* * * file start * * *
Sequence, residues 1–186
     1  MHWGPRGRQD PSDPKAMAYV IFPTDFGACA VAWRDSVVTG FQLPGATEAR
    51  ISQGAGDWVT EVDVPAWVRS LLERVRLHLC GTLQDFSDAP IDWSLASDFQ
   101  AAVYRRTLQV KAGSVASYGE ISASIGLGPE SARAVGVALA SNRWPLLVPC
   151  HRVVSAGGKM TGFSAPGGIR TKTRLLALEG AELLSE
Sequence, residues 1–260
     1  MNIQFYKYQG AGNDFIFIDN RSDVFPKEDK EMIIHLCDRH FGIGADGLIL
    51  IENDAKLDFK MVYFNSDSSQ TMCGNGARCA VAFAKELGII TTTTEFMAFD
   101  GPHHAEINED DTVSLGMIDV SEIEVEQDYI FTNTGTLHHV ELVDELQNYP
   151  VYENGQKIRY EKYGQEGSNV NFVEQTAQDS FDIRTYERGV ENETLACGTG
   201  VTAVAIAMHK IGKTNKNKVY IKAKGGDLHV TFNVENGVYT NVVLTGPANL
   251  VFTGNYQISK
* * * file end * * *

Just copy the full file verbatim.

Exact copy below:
Sequence, residues 1–186
     1  MHWGPRGRQD PSDPKAMAYV IFPTDFGACA VAWRDSVVTG FQLPGATEAR
    51  ISQGAGDWVT EVDVPAWVRS LLERVRLHLC GTLQDFSDAP IDWSLASDFQ
   101  AAVYRRTLQV KAGSVASYGE ISASIGLGPE SARAVGVALA SNRWPLLVPC
   151  HRVVSAGGKM TGFSAPGGIR TKTRLLALEG AELLSE
Sequence, residues 1–260
     1  MNIQFYKYQG AGNDFIFIDN RSDVFPKEDK EMIIHLCDRH FGIGADGLIL
    51  IENDAKLDFK MVYFNSDSSQ TMCGNGARCA VAFAKELGII TTTTEFMAFD
   101  GPHHAEINED DTVSLGMIDV SEIEVEQDYI FTNTGTLHHV ELVDELQNYP
   151  VYENGQKIRY EKYGQEGSNV NFVEQTAQDS FDIRTYERGV ENETLACGTG
   201  VTAVAIAMHK IGKTNKNKVY IKAKGGDLHV TFNVENGVYT NVVLTGPANL
   251  VFTGNYQISK